Curriculum: Forming and Reshaping the Vision of Physical Education in a High Need, Low Demand World of Schools

UNCG Author/Contributor (non-UNCG co-authors, if there are any, appear on document)
Catherine D. Ennis, Professor (Creator)
The University of North Carolina at Greensboro (UNCG )
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Abstract: This paper highlights events and issues in the development of physical education as a school subject. From the origin of physical culture in the German and Swedish “Battle of the Gymnastics Systems” to the advent of the New Physical Education in 1927, physical education curriculum has been a contested terrain. This remains true today as physical educators must compete for school funding and other resources with highly valued subject areas. Unfortunately, serious contextual constraints continue to hamper the efforts of highly motivated, effective physical educators to teach physical education content in schools. Perhaps in the future, better opportunities can be found in other venues where physical education can one day be perceived as a high need, high demand priority for children and their families.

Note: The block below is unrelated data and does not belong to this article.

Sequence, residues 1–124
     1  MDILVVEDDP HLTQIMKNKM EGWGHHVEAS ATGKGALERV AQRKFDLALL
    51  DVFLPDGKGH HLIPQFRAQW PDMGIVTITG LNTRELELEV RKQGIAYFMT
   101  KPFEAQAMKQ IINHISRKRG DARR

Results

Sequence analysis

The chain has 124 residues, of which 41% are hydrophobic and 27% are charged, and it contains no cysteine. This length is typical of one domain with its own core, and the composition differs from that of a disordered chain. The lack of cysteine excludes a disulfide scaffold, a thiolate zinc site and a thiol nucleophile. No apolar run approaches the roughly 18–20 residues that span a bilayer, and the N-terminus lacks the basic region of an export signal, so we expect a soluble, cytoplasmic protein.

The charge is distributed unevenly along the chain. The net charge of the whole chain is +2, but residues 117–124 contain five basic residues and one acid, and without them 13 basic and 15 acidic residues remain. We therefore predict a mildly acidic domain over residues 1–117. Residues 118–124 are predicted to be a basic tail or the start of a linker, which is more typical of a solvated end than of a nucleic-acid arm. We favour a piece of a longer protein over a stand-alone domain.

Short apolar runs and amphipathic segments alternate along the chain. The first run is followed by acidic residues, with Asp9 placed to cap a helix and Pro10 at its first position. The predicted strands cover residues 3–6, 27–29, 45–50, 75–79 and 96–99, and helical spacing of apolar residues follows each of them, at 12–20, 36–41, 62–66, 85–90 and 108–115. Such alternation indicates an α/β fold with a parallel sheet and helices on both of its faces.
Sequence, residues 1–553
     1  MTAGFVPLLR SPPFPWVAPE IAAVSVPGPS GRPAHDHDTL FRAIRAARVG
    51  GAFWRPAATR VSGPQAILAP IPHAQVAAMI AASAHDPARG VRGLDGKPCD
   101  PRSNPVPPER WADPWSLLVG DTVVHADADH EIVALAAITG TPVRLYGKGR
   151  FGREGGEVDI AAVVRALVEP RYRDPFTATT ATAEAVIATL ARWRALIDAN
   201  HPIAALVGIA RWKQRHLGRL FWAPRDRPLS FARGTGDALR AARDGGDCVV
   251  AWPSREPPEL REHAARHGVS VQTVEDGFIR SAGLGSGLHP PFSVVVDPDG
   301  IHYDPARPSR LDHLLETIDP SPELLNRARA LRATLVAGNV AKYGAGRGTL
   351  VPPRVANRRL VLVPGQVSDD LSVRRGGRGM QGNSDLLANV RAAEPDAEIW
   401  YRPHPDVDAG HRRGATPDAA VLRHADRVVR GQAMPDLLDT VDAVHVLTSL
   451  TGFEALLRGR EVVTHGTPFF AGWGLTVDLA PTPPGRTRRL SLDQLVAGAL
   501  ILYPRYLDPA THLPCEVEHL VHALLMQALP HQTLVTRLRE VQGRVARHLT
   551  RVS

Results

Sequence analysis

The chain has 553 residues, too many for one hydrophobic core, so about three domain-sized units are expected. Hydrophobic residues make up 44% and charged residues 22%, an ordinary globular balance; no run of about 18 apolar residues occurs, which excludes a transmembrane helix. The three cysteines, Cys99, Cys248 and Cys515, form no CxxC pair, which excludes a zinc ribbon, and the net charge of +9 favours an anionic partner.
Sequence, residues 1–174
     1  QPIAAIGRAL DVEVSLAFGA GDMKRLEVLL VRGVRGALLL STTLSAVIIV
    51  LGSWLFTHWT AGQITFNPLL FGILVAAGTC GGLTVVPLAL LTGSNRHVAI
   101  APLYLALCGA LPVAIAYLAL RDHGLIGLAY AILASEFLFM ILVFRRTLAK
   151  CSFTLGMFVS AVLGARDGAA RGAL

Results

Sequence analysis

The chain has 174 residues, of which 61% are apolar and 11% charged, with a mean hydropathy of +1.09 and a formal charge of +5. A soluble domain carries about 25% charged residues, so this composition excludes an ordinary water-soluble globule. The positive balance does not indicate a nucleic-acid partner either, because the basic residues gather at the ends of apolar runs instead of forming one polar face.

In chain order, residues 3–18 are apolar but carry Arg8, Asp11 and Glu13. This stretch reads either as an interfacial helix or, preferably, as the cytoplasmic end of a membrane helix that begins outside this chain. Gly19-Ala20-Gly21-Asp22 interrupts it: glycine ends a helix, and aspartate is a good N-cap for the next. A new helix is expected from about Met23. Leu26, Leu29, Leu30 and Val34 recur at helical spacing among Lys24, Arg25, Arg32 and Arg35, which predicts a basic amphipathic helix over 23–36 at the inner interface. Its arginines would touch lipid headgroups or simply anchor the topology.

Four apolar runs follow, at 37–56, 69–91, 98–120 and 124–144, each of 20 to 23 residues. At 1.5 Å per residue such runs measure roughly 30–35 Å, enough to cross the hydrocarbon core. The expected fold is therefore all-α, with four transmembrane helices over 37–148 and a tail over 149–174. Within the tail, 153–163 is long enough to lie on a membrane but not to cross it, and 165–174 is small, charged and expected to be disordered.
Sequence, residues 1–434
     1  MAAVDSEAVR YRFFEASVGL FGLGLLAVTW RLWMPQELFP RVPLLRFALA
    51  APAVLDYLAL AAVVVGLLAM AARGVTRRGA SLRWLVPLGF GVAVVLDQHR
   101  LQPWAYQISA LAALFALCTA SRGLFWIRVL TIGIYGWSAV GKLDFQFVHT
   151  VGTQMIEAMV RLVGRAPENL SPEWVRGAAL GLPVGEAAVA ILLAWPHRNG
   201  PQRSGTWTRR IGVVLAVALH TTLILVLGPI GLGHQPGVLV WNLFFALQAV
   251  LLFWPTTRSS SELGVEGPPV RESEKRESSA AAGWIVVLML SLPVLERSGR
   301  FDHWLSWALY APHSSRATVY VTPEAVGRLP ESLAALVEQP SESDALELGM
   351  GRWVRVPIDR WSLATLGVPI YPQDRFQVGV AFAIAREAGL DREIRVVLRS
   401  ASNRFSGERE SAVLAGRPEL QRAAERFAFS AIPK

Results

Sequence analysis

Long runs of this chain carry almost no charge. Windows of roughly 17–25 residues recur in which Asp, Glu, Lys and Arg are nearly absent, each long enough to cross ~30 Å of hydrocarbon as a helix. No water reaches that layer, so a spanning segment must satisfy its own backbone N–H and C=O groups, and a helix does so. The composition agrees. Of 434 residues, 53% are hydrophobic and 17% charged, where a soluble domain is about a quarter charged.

Additional Information

Quest 2006, 58, 41-59
Language: English
Date: 2006
Curriculum, Physical education, Fitness, Student attitudes, Budgeting, School funding

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